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Misinformation ALERT: Famous People Giving Deadly Advice
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DeD CHiKn



Joined: 04 Aug 2006
Posts: 10223
Location: Baltimore, Maryla*gunshot*

PostPosted: Wed Nov 04, 2009 1:29 pm    Post subject: Reply with quote

Also they are offering the H1N1 Vaccine to me today. They told me its the live virus they would be spraying up my nose. I cant get it because I have a cold and my sneezing/ blowing of my nose would essentially be shooting the live virus into the air. Their words, not mine.
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The Highlord



Joined: 09 Jul 2006
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PostPosted: Wed Nov 04, 2009 10:18 pm    Post subject: Reply with quote

Sure, the influenza bug is far too quick of a mutator to guarantee effectiveness even if you're hit by the "right" strain. However, that's the nature of the beast and not a fault of the vaccine. Even if the vaccine only offered a theoretical 20% increase in protection, let's say, the risk:reward means you should take it anyway, since there's virtually no risk in exchange for a 20% increase in protection. When I hear somebody say that the "merits and effectiveness" are questionable, I hear the cries of an anti-vaxer, not a person who decides that they themselves won't be vaccinated because they aren't in a risk group/local supplies are limited/etc.
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Darqcyde



Joined: 11 Jul 2006
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PostPosted: Wed Nov 04, 2009 10:21 pm    Post subject: Reply with quote

Usagi Miyamoto wrote:
Maybe it's more a case of, the influenza vaccine isn't even capable of being 100% effective. Flu vaccine contains only a small but hopefully representative sample of the strains of influenza you might contract, meaning that you might still get the flu (maybe I should say, "a flu") even with a shot. The vaccine makers usually shoot for what they think the three predominant strains will be during the next flu season when they make up the vaccine, and if they guessed right, you're protected against, I dunno, maybe 60-80% of the flu variants you're likely to run into. If they guessed wrong, it might be only 20-40%. On the other hand, your measles, mumps, and rubella vaccination is good against practically 100% of exposures to measles, mumps, or rubella. We're comparing different kinds of things, here, when we talk about flu vaccine effectiveness, and naturally that leads to some confusion.

If I'm remembering correctly I wanna say influenza has a very high level of viral genetic drift, like one of the highest.
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Darqcyde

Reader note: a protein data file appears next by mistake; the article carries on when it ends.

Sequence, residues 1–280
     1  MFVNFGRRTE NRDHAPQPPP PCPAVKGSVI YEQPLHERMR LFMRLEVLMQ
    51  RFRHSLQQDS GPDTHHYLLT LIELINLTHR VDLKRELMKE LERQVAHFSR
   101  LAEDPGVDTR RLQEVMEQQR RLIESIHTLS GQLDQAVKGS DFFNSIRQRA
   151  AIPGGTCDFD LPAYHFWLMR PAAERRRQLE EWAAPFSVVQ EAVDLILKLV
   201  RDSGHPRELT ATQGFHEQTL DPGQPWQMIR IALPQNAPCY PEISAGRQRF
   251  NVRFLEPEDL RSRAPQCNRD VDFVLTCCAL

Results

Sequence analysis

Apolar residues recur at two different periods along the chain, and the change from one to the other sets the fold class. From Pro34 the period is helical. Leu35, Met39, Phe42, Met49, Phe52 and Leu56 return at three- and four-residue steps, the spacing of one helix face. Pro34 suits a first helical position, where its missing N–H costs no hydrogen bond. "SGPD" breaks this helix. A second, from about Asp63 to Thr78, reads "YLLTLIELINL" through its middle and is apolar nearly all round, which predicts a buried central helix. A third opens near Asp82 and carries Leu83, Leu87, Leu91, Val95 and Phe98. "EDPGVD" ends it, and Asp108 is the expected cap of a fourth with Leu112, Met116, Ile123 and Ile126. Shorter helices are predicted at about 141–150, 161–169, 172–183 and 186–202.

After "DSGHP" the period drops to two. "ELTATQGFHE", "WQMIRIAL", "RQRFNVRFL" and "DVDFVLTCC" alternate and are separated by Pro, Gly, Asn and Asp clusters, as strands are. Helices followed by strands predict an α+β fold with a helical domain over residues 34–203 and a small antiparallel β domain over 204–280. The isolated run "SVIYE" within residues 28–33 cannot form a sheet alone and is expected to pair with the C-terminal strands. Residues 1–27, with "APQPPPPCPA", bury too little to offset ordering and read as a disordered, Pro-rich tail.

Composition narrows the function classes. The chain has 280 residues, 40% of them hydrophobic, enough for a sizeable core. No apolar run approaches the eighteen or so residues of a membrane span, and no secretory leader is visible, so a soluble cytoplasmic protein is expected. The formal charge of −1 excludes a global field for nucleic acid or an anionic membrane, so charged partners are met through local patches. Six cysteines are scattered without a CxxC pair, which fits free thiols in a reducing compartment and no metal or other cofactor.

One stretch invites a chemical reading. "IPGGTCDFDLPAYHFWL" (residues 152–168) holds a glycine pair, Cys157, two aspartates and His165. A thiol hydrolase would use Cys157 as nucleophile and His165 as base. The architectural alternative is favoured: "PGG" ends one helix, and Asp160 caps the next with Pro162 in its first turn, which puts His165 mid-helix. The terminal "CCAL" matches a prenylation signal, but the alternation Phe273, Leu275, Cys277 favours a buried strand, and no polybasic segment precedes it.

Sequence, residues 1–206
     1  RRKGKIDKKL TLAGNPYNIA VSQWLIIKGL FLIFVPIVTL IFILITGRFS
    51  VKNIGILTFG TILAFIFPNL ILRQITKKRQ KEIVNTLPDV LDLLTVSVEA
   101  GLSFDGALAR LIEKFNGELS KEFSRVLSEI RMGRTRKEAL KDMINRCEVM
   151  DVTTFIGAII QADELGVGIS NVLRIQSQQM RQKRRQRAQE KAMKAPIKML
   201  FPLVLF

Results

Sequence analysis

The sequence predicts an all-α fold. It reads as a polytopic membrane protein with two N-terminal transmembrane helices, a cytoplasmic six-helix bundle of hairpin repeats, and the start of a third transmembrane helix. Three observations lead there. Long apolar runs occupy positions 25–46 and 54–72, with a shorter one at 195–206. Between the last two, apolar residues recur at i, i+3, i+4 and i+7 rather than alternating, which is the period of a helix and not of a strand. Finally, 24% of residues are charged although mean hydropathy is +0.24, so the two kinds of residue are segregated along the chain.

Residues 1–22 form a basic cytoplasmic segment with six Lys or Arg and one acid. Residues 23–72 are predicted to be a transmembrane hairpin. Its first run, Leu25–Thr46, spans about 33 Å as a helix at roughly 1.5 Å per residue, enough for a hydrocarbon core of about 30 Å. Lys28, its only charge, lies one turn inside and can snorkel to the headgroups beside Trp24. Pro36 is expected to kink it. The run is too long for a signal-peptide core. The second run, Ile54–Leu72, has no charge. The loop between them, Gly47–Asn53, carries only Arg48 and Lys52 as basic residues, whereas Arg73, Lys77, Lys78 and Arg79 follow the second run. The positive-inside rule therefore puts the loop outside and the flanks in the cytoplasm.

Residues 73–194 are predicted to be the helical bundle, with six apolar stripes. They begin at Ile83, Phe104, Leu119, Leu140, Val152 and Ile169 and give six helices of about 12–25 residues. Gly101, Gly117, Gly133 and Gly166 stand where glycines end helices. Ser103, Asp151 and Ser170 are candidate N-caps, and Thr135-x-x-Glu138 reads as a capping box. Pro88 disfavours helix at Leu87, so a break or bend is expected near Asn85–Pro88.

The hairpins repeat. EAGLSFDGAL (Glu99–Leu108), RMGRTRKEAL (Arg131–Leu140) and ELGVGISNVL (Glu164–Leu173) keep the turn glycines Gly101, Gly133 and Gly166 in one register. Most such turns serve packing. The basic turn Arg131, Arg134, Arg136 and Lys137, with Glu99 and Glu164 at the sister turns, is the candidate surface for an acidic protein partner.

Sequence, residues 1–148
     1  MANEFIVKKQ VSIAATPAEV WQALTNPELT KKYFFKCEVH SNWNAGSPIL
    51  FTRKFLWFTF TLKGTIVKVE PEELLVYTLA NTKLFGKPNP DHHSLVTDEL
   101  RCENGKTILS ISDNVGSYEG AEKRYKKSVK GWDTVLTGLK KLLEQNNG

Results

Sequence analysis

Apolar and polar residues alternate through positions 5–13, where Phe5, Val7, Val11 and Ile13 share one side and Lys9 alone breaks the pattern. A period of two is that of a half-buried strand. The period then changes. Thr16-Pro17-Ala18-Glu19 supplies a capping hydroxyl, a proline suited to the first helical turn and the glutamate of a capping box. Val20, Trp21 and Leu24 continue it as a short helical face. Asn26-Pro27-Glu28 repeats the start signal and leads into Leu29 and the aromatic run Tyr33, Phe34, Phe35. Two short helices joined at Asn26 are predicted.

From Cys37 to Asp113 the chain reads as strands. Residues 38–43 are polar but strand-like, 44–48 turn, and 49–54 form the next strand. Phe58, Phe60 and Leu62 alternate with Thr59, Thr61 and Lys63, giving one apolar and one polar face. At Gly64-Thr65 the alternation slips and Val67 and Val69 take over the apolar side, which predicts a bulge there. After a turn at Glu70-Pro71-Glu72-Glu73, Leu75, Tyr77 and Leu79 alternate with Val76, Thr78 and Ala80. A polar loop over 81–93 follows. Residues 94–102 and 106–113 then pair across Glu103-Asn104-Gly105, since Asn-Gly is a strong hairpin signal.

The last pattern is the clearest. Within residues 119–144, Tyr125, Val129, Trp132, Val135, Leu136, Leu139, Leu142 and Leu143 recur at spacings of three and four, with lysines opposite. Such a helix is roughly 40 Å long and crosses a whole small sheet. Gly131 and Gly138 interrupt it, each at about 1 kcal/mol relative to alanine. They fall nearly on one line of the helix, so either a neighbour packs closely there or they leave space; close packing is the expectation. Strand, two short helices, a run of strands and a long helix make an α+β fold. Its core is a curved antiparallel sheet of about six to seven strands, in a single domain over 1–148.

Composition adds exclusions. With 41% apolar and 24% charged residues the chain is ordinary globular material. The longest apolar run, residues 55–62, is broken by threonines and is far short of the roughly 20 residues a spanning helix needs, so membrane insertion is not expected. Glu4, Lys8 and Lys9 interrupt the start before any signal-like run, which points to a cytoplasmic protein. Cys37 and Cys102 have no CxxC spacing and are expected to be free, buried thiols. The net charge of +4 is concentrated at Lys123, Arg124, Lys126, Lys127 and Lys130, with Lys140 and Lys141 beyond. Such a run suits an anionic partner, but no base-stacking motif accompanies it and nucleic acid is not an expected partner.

Joined: 11 Jul 2006
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Location: A false vacuum abiding in ignorance.

PostPosted: Wed Nov 04, 2009 10:24 pm    Post subject: Reply with quote

The Highlord wrote:
Sure, the influenza bug is far too quick of a mutator to guarantee effectiveness even if you're hit by the "right" strain. However, that's the nature of the beast and not a fault of the vaccine. Even if the vaccine only offered a theoretical 20% increase in protection, let's say, the risk:reward means you should take it anyway, since there's virtually no risk in exchange for a 20% increase in protection. When I hear somebody say that the "merits and effectiveness" are questionable, I hear the cries of an anti-vaxer, not a person who decides that they themselves won't be vaccinated because they aren't in a risk group/local supplies are limited/etc.


ya ninja'd me. Almost every time I've tried to explain this to people they look at me funny. When people say dumb shit like "Why do I need biology in high school?" this is the kind of thing I think of, although I'm pretty sure I first learned about this back in 7th grade.
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Mizike



Joined: 09 Jul 2006
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Location: Iowa City

PostPosted: Wed Nov 04, 2009 10:34 pm    Post subject: Reply with quote

The Highlord wrote:
Sure, the influenza bug is far too quick of a mutator to guarantee effectiveness even if you're hit by the "right" strain. However, that's the nature of the beast and not a fault of the vaccine. Even if the vaccine only offered a theoretical 20% increase in protection, let's say, the risk:reward means you should take it anyway, since there's virtually no risk in exchange for a 20% increase in protection. When I hear somebody say that the "merits and effectiveness" are questionable, I hear the cries of an anti-vaxer, not a person who decides that they themselves won't be vaccinated because they aren't in a risk group/local supplies are limited/etc.


You forget that my time and the cost of the vaccine itself are a part of the equation. For a 20% increase in protection (which really isn't the way it works, but we'll go with that anyway), it's just not worth it unless you have extenuating circumstances or an irrational fear of the flu.

Edit: And that's even ignoring the side effects.
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Snorri



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PostPosted: Wed Nov 04, 2009 11:10 pm    Post subject: Reply with quote

Mizike wrote:


You forget that my time and the cost of the vaccine itself are a part of the equation. For a 20% increase in protection (which really isn't the way it works, but we'll go with that anyway), it's just not worth it unless you have extenuating circumstances or an irrational fear of the flu.

Edit: And that's even ignoring the side effects.


The side-effects aren't really a big deal.
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The Highlord



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PostPosted: Wed Nov 04, 2009 11:24 pm    Post subject: Reply with quote